Bass. A great bass line should anchor a song, keep the groove percolating, and glue the ensemble together, so you don’t want the low end wavering dynamically, or not sounding rich and warm. Keep the bass levels even by opening with settings of a -4dB threshold, a ratio of 3:1, attack of 40ms, and a release of 180ms. Remember, as the dynamic range is reduced by compressing the bass, when you turn the bass level back up in the mix, you may notice muddiness, boominess, fret noises, and other less-than-stellar sounds you may not have noticed before adding compression. You may need to deploy EQ or other processing to get the signals sounding marvelous.
Drums. Unless you’re recording cafe jazz, drums should explode out of the playback speakers. You can use fairly aggressive compression settings to bring on the wallop, but the challenge is that reducing the dynamic gap between loud and soft drum sounds may bring a whole lot of signal bleed into the forefront of your drum tracks. Potential problems may arise from now having too much snare bleeding into the kick-mic track, hi-hats bleeding into the snare, overhead cymbals bleeding into everything, and so on. One trick is to send the kick, snare, hi-hat, toms, and overheads to a separate stereo bus on your mixer. Now, lightly compress or totally crush the stereo drum track—your choice or try both and everything in-between—and fade the compressed sounds back into the main mix along with the (uncompressed) individual drum tracks. Now, you have the organic drum tracks and a compressed stereo version to blend together—much like determining a wet/dry mix on a reverb—so it becomes a bit of a “have your cake and eat it too” scenario. Alternately, you can easily compress the individual drum tracks. Start each piece of the kit at a threshold of -4dB, a ratio of between 4:1 and 8:1, a 5ms to 15ms attack, and a 50ms to 200ms release. You may want to back off the overheads a tad, as every part of the drum set bleeds into those mics and compression will bring them all together into a percussion pie. Perhaps try a threshold of -2dB, a 2:1 ratio, a 20ms attack, and a 300ms or higher release.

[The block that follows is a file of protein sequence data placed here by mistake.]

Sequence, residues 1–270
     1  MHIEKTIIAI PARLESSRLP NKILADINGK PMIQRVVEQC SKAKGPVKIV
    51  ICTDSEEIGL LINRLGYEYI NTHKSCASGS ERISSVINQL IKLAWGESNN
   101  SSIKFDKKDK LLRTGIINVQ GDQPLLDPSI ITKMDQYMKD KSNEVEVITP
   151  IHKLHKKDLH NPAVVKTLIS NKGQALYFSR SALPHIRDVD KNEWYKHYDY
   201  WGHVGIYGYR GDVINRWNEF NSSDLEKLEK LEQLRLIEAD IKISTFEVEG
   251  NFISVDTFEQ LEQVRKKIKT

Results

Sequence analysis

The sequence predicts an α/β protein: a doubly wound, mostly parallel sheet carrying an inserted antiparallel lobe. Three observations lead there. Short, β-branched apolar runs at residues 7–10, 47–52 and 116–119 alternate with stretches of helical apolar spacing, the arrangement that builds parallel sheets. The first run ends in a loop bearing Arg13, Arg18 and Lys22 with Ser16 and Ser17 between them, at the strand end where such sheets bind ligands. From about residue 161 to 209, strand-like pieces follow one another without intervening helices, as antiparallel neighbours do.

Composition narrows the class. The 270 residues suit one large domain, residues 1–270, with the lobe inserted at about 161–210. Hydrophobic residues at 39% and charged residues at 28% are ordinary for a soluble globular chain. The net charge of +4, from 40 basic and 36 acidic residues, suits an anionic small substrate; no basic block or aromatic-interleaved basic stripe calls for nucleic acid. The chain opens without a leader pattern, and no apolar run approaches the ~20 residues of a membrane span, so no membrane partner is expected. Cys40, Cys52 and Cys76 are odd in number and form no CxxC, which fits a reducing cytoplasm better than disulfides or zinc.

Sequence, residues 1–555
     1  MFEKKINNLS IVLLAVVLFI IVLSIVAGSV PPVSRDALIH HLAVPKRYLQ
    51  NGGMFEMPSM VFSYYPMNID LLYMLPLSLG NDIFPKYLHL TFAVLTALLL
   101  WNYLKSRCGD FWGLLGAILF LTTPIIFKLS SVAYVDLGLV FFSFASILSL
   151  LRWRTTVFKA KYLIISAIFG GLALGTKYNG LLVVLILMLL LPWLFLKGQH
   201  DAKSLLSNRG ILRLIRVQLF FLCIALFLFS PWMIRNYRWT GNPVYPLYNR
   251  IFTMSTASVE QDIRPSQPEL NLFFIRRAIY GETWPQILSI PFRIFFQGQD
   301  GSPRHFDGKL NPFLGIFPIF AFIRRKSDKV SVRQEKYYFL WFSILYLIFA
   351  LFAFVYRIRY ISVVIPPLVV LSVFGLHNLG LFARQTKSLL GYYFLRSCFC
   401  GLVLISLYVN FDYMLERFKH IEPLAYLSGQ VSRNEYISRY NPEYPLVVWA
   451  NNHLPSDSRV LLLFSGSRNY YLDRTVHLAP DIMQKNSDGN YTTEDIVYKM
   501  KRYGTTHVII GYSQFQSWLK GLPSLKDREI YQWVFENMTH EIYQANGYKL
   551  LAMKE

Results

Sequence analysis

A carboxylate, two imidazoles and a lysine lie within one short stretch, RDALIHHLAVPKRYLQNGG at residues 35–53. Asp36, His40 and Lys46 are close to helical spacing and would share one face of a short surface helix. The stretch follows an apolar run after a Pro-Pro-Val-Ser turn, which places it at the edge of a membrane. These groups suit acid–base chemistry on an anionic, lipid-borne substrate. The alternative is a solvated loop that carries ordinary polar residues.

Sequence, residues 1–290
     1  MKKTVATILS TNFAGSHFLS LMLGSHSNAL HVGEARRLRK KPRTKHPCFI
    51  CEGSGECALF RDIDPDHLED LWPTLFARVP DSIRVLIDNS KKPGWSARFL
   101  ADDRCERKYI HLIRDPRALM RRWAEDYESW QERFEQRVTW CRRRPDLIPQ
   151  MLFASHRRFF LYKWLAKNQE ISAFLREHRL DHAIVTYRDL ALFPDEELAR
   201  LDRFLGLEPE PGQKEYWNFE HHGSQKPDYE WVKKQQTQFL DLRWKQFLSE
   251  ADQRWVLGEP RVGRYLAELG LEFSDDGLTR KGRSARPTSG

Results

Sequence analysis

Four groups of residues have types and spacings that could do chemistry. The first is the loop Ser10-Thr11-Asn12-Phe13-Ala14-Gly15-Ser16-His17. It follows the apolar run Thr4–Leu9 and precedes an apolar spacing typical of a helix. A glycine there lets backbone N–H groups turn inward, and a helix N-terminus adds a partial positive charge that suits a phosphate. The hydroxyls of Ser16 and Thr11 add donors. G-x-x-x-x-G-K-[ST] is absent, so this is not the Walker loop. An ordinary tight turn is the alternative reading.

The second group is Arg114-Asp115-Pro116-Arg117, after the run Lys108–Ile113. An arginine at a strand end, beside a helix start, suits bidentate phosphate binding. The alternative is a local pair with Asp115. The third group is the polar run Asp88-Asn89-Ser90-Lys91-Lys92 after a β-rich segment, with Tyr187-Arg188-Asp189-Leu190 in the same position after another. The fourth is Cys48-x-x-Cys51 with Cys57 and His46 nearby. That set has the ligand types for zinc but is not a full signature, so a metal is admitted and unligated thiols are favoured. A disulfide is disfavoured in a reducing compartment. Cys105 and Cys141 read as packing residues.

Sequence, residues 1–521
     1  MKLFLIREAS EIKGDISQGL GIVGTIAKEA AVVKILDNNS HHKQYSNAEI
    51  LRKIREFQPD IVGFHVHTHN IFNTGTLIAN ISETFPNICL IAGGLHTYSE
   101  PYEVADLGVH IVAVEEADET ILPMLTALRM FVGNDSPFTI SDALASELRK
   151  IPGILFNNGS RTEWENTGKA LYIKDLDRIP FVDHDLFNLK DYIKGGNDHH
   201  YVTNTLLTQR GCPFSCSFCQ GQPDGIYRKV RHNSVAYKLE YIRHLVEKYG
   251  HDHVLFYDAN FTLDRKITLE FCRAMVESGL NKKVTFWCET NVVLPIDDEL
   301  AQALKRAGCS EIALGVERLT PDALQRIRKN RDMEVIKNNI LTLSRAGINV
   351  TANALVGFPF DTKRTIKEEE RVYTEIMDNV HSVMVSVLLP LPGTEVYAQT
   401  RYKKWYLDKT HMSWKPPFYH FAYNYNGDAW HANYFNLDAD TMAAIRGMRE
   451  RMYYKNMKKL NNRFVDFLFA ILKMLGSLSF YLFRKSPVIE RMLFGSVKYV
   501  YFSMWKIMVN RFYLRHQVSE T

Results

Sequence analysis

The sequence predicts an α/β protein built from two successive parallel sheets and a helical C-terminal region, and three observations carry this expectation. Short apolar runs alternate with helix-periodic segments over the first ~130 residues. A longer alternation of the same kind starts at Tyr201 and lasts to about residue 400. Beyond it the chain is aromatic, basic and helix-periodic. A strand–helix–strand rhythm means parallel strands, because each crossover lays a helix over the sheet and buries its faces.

Mastering. Successfully mastering audio requires big ears, a ton of experience, and a dollop or two of taste. You can find scores of articles online about common self-mastering mistakes, and I don’t think they are written by audio professionals looking for mastering gigs to scare home-studio musicians away from a DIY approach. Those pieces simply illustrate how hard it is to do mastering well, and why good tracking engineers are not always awesome mastering technicians. So, perhaps think twice about mastering your next CD, vinyl, or streaming project. But if you want to get a music production mastered for playback on YouTube, TikTok, Instagram, and other social networks, then start with light compression. You want the track to sound loud and proud on laptops, mobile devices, and earbuds, but you don’t want the music to appear dull, lifeless, or thick. Begin with a -2dB threshold and a 2:1 ratio. Rapid attacks tend to make a stereo track smooth and relatively natural, while slower attacks bring on punch and impact. Release times of 300ms and up can help prevent listeners from hearing the compression pump and breathe—something you very much don’t want in a stereo master track for public consumption.